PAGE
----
It seems quite far down the list to only now be talking about the property.
There are 2 main types of property when it comes to a lease. Either you take an “internal shell” or the whole building.
For a tenant there are advantages and disadvantages of each type. If a tenant takes an internal shell they are only responsible for the repair on the inside. If a tenant takes the whole building they are responsible for the outside including the roof. The roof could need a lot of repairs which would be very expensive.
Taking an internal shell may seem better but the tenant may be charged lots of service charge. If the tenant takes the whole building, including the roof, they have more control over costs if a repair is required to the outside.
This is often misunderstood. Agents talk about an “FRI lease”. FRI stands for Fully Repairing and Insuring Lease. That may be even more vague…
Full repair is generally a bad thing for tenants. It means that you must make the property look perfect – even if it looks like a dive when you take it. If it is in a bad state when a tenant takes the property they should be asking for a “schedule of condition”.
The best way of describing a schedule of condition is this:
You rent a car. Just before you drive off you walk round the car noting all the scratches the previous guy made and you get a sheet of paper showing that. It is in your interest to make sure every scratch is noted down. If it isn’t then the car rental place will say you did it when you give it back to them. That is a schedule of condition! It shows the bad things in a property so a tenant can prove to the landlord that they shouldn’t need to repair them.
Most buildings have a service charge. You should find out what that is running at. If you are a tenant you may ask for a cap so you know where you stand.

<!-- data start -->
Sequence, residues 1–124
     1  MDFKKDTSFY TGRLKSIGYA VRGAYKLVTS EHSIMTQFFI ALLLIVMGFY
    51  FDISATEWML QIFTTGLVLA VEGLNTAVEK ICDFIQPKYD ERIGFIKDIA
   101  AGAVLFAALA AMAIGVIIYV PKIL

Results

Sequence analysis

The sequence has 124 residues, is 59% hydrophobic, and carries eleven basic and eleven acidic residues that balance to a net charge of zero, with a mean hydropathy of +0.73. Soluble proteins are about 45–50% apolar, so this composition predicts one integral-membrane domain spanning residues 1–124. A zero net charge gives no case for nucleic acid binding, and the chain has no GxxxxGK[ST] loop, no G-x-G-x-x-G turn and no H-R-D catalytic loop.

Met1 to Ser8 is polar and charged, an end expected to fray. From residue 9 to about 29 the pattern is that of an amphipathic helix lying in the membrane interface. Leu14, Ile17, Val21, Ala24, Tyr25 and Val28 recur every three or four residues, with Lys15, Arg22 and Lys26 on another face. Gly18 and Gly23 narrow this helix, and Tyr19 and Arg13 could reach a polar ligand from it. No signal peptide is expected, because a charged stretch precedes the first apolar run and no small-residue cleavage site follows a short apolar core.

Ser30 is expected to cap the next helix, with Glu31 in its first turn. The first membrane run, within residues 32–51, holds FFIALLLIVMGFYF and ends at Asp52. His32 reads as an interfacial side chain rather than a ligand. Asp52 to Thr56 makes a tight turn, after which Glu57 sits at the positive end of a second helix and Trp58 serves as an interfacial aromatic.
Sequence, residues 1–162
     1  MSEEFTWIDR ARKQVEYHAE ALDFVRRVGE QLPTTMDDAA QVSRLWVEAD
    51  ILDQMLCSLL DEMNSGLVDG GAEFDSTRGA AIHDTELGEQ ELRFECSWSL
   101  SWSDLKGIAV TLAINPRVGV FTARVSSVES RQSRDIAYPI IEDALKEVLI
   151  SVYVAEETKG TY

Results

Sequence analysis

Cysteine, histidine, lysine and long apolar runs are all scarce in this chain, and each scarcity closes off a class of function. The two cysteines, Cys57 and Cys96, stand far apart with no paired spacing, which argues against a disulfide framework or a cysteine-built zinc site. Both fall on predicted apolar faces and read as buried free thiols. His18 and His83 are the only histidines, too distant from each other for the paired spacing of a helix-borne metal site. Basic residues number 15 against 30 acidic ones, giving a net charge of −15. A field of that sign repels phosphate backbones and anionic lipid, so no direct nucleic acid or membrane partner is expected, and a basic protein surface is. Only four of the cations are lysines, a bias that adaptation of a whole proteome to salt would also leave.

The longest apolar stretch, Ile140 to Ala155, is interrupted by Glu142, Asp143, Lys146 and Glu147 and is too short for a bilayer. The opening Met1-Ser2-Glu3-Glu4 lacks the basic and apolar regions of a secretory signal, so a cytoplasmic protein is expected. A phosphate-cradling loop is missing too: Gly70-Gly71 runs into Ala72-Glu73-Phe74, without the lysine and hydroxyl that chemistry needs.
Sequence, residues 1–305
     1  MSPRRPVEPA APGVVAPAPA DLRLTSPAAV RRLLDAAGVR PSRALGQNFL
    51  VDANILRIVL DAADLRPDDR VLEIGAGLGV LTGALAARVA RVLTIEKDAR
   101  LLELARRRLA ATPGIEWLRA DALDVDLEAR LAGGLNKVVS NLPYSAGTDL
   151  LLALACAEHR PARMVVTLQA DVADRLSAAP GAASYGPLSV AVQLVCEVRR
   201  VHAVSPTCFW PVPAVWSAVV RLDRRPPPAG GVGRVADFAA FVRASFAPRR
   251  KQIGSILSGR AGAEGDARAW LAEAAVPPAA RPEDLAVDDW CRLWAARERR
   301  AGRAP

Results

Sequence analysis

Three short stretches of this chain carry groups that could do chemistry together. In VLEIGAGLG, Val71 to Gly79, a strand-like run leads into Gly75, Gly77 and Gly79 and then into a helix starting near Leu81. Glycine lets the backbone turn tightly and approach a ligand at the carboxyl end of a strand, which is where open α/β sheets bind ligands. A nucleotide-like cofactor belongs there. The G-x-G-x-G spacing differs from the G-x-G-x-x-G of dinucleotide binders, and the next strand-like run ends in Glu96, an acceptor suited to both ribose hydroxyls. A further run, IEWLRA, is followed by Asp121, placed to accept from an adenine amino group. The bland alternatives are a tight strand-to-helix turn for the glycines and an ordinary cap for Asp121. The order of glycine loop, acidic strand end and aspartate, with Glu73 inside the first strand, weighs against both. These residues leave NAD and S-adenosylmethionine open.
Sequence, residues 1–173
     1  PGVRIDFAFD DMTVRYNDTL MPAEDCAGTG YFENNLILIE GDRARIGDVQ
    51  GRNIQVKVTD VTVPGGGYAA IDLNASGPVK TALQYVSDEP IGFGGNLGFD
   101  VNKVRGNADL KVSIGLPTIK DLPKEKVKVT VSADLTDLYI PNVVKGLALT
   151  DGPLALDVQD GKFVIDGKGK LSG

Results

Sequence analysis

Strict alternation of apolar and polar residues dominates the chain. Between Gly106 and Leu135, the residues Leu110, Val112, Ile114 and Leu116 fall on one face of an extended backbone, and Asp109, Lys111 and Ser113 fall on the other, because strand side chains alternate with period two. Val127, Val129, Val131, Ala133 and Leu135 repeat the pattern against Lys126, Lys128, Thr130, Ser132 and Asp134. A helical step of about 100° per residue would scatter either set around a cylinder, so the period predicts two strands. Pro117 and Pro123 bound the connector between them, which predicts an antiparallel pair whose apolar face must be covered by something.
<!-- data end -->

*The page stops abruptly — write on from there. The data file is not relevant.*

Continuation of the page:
There are lots of extras which can go into heads of terms.
Tenants can be offered a capital contribution to induce them into the lease.
In an office a tenant can be offered privileges to use showers and bike racks.
If a tenant is going into an office make sure you have internet connection – you might need a wayleave so it is best to think about this early on.
Do I need a lawyer for heads of terms?
No you don’t, but sometimes it helps. We often get involved in looking at heads of terms for clients because it is better to have some things cleared up first, before you get into legals.
There are some very good commercial agents who can help both landlords and tenants get the best deal. Some tenants think they don’t need a commercial agent to help them but that can be short sighted. Some commercial agents really understand their market and can tell you what is a good deal and what isn’t.
What happens after heads of terms?
That is when you need a lawyer. After heads of terms a landlord’s lawyer will produce several documents much larger than the heads of terms – a lease, a licence for alterations, a rent deposit deed, an agreement for lease and maybe more.
Why do you need a lease if you have heads of terms?
Lawyers need something to do so they have made sure commercial leases are much longer than heads of terms. Leases cover more details. Heads of terms may say that you can sell a lease but the lease will contain details on who you can sell to and what you need to do to make it happen.
Can you help me further?
We are always happy to assist in all your commercial lease needs. We regularly act for landlords and tenants in all sorts of places. We understand office leases and retail leases. We also act in industrial areas, franchises and more.
Please do not hesitate to contact Robert Rosenberg at BBS Law for a conversation so we can help you further.